Robin Hammond/Panos Pictures

Kathmandu, Nepal

Eshan Regmi (29) describes himself as follows: ''My biological identity is intersex. My gender identity is male. I am heterosexual''. He defines intersex as ''those whose internal or external reproductive organs do not match the traditional definition''. Detailing his early life he says: ''I was born in 1989 as a daughter in a lower middle class family. I was a brilliant student, and I was always a topper in my school. At the age of thirteen when I was studying in class eight, I began developing masculine characteristics. My parents were in great pain''. This is when the discrimination began. ''Society began calling me different things. They looked at me differently, and started whispering as soon as I walked by. 'Is this a boy or a girl' and laugh at meâ My friends did not allow me to sit next to them or play with them. Teachers pulled my hair or pinched my breast. I left schoolâ I started spending time alone. I cried a lot. I felt I was alone in this world. Why is god punishing me? I tried committing suicide several times. My parents were saddened to find me in this condition''. He says his father, in particular, never gave up on Eshan. ''My dad was in pain. Because for whatever I was, I was his child and he loved meâ He realised that I was not like other daughters''. Then, his father died. ''I felt that there was nobody left for me in this world. I felt that I was very broken''. Against his family's wishes Eshan left home. He eventually came across Blue Diamond Society, a LGBTI organisation. Their focus was not on intersex but through them he started to learn more about the issue. Eshan started doing work with the organisation. On several occasions he tried to have relationship with women, but it never worked out. That was before he was reunited with an old friend. ''When I felt alone in my village a person had helped me in many ways. She was my only friend. Later, I found out that she wanted to spend her life with me''. Eshan told her all about being intersex. ''I warned her to not be closer. But thankfully it turned out that her childhood friend was just like me. She then agreed to be with me. We decided to live together. I don't know how much she loves me but I love her a lotâ I had nobody and she constantly took care of me''. Complicating their relationship is the fact that they are from different castes. ''I am a Brahmin and she is a Dalit. After my relationship began, my family learned of her caste. They resisted our union but I have always been insistent''. While Eshan's brothers are aware of his partner's caste, his mother is not. ''I have always been rebellious'', he says mischievously. ''My mother does not know my partner's caste, and she has eaten the food cooked from 'an untouchable'.'' While life has much improved, it is far from perfect. ''My identity has been my biggest challenge. I did not get jobs or opportunities. I do not have the chance to live a dignified life and have faced discrimination at every turn''. Spea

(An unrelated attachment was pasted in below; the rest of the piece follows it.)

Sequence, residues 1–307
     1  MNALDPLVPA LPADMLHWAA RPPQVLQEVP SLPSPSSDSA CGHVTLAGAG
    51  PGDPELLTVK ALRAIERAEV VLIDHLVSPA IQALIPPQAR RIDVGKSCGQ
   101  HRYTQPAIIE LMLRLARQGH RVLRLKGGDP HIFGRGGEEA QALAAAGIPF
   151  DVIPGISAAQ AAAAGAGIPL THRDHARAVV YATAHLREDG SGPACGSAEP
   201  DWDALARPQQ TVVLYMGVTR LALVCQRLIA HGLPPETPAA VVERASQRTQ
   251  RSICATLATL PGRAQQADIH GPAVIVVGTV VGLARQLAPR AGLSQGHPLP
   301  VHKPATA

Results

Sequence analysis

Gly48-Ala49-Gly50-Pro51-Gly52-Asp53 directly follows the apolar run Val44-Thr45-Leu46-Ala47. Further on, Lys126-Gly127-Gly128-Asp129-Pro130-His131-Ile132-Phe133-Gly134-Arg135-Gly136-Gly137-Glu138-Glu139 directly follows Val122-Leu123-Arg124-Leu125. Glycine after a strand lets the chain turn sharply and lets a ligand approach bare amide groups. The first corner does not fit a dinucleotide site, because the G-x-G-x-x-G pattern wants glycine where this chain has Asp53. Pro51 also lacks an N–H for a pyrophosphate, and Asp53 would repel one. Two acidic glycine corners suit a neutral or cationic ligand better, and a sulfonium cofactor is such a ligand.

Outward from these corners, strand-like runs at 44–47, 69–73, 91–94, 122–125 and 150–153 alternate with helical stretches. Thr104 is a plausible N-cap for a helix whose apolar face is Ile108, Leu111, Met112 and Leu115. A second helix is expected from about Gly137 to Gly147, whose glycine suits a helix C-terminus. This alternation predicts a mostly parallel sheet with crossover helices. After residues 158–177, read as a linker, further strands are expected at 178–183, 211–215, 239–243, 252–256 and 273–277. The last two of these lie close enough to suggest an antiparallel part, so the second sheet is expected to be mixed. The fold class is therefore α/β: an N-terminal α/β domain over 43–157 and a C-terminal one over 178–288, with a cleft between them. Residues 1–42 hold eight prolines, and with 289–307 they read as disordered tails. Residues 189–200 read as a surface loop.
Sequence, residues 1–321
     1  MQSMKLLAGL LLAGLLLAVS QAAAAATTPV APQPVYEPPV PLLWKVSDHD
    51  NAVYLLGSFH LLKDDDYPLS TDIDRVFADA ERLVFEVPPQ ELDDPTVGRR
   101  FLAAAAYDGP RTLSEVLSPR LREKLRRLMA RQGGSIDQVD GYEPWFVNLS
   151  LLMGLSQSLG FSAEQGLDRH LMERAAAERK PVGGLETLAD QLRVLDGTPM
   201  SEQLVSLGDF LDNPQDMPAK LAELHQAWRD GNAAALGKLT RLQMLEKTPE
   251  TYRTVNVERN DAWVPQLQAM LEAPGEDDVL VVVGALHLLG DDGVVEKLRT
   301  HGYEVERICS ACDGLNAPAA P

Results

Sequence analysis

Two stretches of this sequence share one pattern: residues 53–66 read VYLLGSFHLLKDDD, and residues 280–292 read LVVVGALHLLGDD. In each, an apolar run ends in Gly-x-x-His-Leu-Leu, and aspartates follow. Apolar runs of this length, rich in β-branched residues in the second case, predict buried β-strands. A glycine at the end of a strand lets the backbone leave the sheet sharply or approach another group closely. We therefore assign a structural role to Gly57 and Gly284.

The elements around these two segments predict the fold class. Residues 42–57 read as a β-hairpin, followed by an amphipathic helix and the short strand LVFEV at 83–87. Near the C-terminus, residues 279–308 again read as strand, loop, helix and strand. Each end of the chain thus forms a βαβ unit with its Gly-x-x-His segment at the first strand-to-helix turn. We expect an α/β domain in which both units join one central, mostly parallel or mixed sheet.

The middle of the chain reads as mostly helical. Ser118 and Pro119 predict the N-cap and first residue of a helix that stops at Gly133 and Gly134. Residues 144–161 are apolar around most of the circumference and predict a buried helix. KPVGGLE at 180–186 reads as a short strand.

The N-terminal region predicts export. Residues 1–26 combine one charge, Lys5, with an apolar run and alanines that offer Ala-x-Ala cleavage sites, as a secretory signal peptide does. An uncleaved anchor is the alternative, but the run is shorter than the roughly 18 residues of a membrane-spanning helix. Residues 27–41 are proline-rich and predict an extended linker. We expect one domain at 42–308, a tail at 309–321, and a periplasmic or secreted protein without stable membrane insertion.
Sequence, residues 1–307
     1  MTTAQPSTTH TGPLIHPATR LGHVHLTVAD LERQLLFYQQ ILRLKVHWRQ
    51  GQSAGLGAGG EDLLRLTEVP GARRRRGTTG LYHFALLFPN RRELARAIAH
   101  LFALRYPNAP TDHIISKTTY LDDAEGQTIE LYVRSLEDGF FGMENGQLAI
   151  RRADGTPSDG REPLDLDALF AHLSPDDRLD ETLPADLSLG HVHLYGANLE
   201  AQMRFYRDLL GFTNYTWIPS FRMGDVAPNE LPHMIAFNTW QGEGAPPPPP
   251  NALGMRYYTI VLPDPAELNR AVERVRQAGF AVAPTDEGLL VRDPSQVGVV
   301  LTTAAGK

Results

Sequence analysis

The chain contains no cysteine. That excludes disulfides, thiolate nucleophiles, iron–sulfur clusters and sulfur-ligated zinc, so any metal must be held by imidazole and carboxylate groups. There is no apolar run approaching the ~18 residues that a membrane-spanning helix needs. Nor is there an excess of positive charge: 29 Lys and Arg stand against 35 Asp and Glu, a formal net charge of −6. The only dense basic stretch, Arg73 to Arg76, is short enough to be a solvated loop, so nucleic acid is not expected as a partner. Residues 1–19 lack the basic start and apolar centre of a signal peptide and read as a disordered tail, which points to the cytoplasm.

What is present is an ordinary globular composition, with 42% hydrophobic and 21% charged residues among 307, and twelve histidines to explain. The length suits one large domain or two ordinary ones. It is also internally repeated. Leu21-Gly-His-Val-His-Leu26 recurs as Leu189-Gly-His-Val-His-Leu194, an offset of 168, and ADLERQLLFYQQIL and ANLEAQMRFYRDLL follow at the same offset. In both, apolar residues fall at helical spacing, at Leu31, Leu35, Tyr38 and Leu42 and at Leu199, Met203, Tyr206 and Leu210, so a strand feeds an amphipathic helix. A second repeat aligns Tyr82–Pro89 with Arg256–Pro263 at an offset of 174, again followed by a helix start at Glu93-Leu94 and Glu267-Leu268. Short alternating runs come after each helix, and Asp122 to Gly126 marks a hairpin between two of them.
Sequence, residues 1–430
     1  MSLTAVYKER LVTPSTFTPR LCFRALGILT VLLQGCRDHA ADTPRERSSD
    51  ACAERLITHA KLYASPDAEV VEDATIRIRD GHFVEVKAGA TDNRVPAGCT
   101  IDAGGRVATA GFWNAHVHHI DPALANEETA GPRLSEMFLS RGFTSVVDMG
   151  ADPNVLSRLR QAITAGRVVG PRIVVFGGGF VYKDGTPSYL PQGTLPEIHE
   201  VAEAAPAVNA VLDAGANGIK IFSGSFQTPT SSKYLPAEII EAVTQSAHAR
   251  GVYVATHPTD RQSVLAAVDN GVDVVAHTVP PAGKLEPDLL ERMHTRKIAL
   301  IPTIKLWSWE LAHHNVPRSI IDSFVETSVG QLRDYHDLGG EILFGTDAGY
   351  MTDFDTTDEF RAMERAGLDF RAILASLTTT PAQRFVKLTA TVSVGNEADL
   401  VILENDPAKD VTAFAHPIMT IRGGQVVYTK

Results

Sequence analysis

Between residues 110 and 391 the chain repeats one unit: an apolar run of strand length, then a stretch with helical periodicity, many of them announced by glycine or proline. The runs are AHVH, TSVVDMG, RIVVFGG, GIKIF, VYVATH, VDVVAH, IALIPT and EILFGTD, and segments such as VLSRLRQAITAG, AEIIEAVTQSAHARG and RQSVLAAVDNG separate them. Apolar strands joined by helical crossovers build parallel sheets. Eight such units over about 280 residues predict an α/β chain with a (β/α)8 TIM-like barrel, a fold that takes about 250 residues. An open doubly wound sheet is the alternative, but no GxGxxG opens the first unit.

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Robin Hammond/Panos Pictures
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3885 x 5000 pixels
32.89 x 42.33 cm (300 dpi)
12.95 x 16.67 inch (300 dpi)
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